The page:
Thousands of Johannesburg street hawkers have been rendered jobless after being evicted from the city's sidewalks in a cleanup operation by the metropolitan police department aimed at ridding the city of illegal traders.
"I cannot support my family any more. We are currently starving, because I'm off the streets," Rose Lerato, a mother of three who used to earn a living selling fruits and vegetables on a Johannesburg street corner, told Anadolu Agency.
She accused the metropolitan police of confiscating her wares before chasing her off the street.
"How does the government expect us to survive when there are no jobs in the country?" Lerato fumed. "I don't want to engage in prostitution."
"All I want is my trading space on the pavement," she added.
Complaining of rising criminal activity and traffic congestion, Johannesburg municipal authorities began evicting street vendors in mid-October.
"There have been many illegal traders in the city, creating unnecessary congestion and crime," Johannesburg city spokesman Nthatisi Modingoane told AA.
He said the city had informed the heads of a local informal traders association of its plan to evict street hawkers and then verify who was trading legally.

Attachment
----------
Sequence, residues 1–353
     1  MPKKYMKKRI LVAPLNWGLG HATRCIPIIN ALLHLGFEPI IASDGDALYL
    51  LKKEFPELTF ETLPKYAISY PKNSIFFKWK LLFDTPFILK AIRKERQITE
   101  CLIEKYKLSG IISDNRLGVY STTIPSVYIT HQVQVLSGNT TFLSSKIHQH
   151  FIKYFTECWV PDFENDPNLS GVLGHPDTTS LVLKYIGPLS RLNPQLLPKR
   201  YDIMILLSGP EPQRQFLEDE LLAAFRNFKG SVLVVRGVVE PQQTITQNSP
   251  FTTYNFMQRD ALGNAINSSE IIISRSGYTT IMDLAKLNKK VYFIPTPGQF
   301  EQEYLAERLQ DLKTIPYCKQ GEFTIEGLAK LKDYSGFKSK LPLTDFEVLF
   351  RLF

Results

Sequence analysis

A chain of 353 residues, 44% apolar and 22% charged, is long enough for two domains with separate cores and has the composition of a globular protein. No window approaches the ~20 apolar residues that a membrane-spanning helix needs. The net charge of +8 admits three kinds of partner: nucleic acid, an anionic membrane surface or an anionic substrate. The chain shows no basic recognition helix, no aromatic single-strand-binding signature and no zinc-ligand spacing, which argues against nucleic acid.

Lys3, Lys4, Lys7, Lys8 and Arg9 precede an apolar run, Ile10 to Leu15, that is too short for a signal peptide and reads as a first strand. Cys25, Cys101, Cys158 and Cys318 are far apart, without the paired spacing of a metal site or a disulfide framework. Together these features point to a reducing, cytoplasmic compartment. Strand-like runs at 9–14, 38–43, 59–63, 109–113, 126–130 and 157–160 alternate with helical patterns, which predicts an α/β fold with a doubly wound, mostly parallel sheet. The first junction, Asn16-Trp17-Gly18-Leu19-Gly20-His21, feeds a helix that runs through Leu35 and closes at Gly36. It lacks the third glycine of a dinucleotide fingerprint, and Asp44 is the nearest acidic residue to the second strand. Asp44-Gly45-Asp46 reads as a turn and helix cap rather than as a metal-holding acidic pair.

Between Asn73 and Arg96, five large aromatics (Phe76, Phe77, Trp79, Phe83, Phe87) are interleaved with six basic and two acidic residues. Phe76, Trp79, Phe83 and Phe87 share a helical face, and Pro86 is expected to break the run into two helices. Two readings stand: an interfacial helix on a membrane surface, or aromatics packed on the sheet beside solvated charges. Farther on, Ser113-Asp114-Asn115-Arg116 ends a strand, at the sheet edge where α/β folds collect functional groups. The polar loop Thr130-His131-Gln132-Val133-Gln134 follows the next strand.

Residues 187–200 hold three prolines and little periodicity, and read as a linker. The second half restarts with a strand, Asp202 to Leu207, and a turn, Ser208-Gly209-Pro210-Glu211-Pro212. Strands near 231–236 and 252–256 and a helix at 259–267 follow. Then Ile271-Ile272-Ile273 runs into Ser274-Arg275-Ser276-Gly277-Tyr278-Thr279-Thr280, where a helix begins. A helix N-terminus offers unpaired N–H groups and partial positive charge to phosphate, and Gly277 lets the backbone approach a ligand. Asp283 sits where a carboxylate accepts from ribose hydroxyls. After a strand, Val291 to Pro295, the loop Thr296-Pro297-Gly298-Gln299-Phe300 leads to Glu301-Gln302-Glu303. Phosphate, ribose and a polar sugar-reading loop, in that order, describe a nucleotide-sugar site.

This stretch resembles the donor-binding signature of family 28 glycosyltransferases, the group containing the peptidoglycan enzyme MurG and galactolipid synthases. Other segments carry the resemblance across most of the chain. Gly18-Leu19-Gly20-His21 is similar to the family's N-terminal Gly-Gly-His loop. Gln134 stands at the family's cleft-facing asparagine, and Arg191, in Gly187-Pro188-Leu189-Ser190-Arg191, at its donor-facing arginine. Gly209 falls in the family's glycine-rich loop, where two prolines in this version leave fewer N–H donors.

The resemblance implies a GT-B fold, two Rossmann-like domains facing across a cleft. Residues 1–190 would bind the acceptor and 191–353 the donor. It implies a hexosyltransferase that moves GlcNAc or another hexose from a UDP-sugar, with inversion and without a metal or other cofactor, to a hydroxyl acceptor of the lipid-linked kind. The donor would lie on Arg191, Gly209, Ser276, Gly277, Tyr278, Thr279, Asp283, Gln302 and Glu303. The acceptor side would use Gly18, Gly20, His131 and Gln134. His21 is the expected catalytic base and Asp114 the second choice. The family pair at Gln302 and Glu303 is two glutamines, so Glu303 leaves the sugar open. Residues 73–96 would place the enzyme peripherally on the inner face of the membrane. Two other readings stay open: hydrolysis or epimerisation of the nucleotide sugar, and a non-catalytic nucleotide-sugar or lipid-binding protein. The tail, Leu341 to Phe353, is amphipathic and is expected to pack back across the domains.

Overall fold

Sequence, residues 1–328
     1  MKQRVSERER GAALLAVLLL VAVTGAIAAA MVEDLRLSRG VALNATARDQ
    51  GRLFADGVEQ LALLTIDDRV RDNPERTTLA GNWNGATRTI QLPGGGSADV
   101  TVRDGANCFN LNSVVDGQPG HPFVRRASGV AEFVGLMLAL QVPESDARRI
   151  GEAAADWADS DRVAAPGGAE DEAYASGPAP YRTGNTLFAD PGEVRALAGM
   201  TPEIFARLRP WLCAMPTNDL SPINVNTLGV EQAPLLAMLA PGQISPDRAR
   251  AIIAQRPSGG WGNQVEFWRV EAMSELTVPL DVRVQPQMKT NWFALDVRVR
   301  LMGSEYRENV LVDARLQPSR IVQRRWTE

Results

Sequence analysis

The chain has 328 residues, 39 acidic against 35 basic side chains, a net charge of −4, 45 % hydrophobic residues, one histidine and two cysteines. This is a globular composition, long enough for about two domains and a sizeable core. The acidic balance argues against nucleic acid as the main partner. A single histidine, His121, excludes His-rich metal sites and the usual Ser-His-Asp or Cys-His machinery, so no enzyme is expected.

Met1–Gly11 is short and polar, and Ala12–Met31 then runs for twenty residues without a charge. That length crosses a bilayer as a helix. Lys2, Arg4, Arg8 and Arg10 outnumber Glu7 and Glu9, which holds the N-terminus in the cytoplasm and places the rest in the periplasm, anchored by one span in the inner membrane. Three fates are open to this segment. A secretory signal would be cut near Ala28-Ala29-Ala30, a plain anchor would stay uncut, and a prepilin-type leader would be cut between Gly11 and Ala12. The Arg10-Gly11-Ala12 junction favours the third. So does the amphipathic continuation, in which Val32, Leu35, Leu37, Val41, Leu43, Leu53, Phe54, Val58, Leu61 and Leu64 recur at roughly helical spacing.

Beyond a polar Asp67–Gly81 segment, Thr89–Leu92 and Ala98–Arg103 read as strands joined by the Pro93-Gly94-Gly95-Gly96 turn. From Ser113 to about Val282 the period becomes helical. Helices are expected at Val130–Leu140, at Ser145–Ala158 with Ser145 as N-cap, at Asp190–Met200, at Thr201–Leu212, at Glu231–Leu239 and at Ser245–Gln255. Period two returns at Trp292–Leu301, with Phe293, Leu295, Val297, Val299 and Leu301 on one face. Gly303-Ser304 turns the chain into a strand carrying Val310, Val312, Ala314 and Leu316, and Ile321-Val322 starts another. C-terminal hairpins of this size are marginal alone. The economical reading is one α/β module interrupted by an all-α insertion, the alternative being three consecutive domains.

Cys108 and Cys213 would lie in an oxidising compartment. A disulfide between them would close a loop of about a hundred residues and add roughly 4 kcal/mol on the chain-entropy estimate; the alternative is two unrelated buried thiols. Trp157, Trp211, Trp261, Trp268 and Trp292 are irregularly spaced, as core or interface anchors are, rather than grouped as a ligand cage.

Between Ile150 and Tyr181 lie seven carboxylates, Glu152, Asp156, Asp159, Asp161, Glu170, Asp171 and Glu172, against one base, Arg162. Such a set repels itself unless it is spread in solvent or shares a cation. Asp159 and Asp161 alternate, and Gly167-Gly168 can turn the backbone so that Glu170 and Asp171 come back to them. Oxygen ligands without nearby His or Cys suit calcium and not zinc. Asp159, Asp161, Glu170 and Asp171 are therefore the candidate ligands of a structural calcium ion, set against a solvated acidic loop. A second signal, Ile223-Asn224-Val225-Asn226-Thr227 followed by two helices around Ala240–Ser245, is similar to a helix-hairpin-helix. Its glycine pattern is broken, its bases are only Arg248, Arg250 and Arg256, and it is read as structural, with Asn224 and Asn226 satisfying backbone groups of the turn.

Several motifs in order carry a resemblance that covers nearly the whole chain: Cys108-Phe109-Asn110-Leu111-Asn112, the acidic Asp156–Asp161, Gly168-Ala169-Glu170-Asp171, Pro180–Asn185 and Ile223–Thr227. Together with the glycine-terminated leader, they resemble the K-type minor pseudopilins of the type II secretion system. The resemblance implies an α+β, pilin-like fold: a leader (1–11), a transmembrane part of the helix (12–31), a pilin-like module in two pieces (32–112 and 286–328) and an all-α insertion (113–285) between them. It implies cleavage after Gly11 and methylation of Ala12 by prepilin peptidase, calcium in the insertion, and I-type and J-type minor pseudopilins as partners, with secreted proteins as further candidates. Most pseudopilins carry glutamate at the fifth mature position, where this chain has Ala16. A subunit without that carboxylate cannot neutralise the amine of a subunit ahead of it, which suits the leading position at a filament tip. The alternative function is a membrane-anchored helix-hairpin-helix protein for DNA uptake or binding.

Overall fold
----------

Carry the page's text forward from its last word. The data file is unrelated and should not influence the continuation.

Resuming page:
"We have started verifying the street hawkers," Modingoane asserted. "Those with legitimate permits will be allowed to return to the streets."
He added that street vendors who would be allowed back would operate in an organized and orderly manner.
Over 5,000 street vendors are said to have been affected by the cleanup campaign.
Johannesburg, South Africa's economic capital, has attracted hundreds of thousands of migrants from outlying provinces and neighboring countries.
Prior to the eviction of the street hawkers, pedestrians walking the streets of Johannesburg had faced considerable difficulties as a result of the traffic congestion caused by the vendors.
"I'm happy the streets are now clean," one Johannesburg pedestrian told AA. "I'm no longer afraid that my phone will be snatched during rush hour."
He asserted that street hawkers used to connive with criminals, who would terrorize passersby.
"The criminals would pickpocket pedestrians and give the stolen items to the hawkers to sell," he said.
Johannesburg suffers from chronic unemployment, crime and poverty.
The eviction of street hawkers, meanwhile, has adversely affected many families.
"For the past five years, I have been supporting my family by selling sweets and cigarettes on the street," a visibly upset Eric Mazibuko, an unemployed hawker who originally hails from Zimbabwe, told AA.
"Now I have been evicted. Where do they expect me to go?" he asked.
Mazibuko said the move would likely force some unemployed hawkers to turn to crime.
"We used to earn an honest living by selling on the street," he lamented.
"But since we're unemployed now, some of our colleagues might resort to crime."
AALast Mod: 06 Kasım 2013, 17:49